Angela Claire photo Four students job shadowed hospital staff last October.

PHSS students dip their feet in the medical field after job shadowing at hospital

Four students, Wigard, Castillo, Ranger and Clair, followed hospital professionals for three days.

Prospective medical professionals got hands-on experience working in Port Hardy’s hospital. Four Port Hardy Secondary students, Danielle Wigard, Faith Castillo, Hailey Ranger and Kristen Claire, were able to job shadow a number of different medical professionals at Port Hardy Hospital last month. The students had three days, Oct. 4, 11 and 18, to follow closely alongside sonographers, ultrasound technicians, nurses, occupational therapists, and nutritionists.

Angela Clair, Child and Youth Worker at Port Hardy Secondary School, said the opportunity came about from a “partnership between the school district and island health.” She added that “they (the students) did three different career observations at the hospital. It was a really great experience because they’re planning on going into the field of medicine.”

Michele Van der Wielen, the North Island Employment Advisor at Island Health, was “instrumental in helping with this.”

The students, who are hoping to finish a post-secondary degree in the medical field, had to complete a hospital orientation in order to job shadow. The orientation included “confidentiality, appropriate conduct and safety protocols,” Angela noted, and also required the students to “successfully complete eight hours of online island health training in order to considered for the career observation program.” Students also went through a variety of workplace safety training.

“This is the first group at PHSS that has gone through the orientation program,” Angela said.

“Sometimes you have an idea in your head about what it is you want to do and then you actually spend some time doing it,” she added. Students then decide whether they want to go into that particular field of medicine.

Students finished their orientation day on Sept. 27, where several hospital staff talked on their job responsibilities and what education is needed to go into their profession.

During Ranger’s job shadowing, she had learned “how to make a splint for someone’s hand, so they don’t keep making a fist and can hold their hands out as a normal person would.” She plans to go into occupational therapy.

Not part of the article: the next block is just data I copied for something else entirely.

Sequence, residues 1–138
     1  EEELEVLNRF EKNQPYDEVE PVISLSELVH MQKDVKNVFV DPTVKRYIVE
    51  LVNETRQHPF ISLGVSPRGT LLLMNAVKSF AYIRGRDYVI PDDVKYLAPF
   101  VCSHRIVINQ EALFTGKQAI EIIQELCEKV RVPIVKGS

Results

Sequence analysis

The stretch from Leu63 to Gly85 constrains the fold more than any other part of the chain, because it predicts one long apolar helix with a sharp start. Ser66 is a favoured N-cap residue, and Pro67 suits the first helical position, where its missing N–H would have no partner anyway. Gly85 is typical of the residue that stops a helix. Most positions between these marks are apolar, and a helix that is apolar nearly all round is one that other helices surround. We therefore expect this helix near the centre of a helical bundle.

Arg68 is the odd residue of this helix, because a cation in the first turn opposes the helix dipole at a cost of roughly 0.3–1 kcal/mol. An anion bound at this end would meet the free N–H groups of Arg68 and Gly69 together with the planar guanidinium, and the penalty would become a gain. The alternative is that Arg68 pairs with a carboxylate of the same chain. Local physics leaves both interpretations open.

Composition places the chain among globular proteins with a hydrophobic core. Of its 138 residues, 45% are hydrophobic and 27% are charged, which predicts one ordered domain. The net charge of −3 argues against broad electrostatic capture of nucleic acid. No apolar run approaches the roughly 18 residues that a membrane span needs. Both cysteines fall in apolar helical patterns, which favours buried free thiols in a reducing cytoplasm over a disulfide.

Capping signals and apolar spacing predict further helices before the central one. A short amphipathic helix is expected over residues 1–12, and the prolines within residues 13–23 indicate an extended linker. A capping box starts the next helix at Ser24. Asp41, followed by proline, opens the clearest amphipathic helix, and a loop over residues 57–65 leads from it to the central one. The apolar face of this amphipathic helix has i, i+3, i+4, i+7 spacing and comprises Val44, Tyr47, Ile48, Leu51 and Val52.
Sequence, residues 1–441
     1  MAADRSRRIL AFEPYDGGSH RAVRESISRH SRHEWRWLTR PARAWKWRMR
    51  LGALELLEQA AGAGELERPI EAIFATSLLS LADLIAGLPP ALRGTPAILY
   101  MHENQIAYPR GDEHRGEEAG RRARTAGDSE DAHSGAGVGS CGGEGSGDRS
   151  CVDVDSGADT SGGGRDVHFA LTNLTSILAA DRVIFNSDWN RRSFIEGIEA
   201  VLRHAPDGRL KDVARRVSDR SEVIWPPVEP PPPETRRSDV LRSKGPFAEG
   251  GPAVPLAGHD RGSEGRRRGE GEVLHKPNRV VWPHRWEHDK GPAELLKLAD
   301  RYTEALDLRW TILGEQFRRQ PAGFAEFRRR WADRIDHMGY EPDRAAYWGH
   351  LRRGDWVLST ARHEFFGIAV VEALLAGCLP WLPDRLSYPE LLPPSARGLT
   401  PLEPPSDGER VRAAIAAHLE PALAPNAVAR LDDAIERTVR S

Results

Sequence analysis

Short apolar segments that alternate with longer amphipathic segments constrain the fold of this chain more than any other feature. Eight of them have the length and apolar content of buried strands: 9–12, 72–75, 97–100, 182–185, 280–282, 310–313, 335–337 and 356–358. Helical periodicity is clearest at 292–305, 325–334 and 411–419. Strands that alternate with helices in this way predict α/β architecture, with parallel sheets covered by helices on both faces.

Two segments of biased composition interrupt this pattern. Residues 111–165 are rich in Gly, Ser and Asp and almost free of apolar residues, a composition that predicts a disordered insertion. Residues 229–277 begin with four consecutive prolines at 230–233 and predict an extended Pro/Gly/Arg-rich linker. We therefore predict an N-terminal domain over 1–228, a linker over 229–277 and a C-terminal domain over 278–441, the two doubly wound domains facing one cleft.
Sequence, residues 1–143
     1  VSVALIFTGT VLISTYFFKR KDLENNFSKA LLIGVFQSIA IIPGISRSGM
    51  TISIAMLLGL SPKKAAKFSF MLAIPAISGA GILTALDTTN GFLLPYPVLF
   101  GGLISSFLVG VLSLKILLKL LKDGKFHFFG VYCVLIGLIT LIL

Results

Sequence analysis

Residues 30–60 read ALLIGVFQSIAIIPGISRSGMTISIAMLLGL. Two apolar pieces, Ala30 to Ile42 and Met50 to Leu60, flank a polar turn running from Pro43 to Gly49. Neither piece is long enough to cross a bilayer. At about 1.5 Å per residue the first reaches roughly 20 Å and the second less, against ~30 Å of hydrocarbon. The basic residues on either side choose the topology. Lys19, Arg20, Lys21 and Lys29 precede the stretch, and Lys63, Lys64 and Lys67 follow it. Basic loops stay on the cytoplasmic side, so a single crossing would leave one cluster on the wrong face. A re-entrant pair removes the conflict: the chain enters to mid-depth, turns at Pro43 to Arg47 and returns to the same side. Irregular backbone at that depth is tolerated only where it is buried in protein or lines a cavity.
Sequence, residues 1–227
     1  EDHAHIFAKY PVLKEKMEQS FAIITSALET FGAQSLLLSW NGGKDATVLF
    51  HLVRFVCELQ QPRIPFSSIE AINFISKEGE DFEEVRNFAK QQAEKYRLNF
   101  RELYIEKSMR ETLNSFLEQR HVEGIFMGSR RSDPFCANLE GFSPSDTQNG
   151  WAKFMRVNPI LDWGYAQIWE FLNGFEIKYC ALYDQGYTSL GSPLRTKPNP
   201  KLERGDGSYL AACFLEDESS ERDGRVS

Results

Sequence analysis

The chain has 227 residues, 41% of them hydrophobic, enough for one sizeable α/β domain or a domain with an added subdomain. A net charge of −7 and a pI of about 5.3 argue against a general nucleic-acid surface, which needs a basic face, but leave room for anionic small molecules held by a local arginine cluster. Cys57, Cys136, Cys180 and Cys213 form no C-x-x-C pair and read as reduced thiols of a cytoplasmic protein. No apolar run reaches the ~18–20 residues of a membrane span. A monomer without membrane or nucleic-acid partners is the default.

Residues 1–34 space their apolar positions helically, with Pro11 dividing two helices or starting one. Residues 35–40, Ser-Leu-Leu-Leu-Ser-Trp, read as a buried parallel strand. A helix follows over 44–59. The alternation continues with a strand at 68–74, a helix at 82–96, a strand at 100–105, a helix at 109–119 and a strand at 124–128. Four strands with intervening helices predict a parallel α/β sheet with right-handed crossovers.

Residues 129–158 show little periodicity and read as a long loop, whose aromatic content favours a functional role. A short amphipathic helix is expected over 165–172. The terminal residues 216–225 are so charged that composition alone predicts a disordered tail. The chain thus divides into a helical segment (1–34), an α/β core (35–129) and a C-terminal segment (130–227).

Wigard, a senior at PHSS, shadowed under a number of different professions but was primarily interested in the ultrasound technician job. She wanted to “test the waters about different professions. The physiotherapist was really different from the ultrasound technician and the ultrasound technician was really different from the nurse,” she said.

“It was different samples from different fields,” she mentioned. She does have plans to go into post-secondary following her graduation.

“Going into this I was pretty set on becoming a doctor,” Castillo mentioned, “but I wanted to do this experience to broaden my knowledge. I got to job shadow a (registered nurse).” She was mostly interested in that position, after liking the fact that “nurses are really hands-on.” Since shadowing, she is now set on going into Vancouver Island University’s nursing program.

Kristen mentioned she was really set on shadowing the physiotherapist but has since learned more about what it is like to be a nurse. “When I got to nursing I really liked how I got to interact with the different patients in the ward and emergency,” she said, “so that sort of changed my mind.” She plans on going into nursing as well at the University of Victoria, but still plans to become a physiotherapist later on.

The program was meant for students to “see the wide variety of careers that are available in health care. It gives them that experience, gives them exposure, and decide which sort of field they want to go into,” Angela concluded. “It’s going to be offered next semester as well.”

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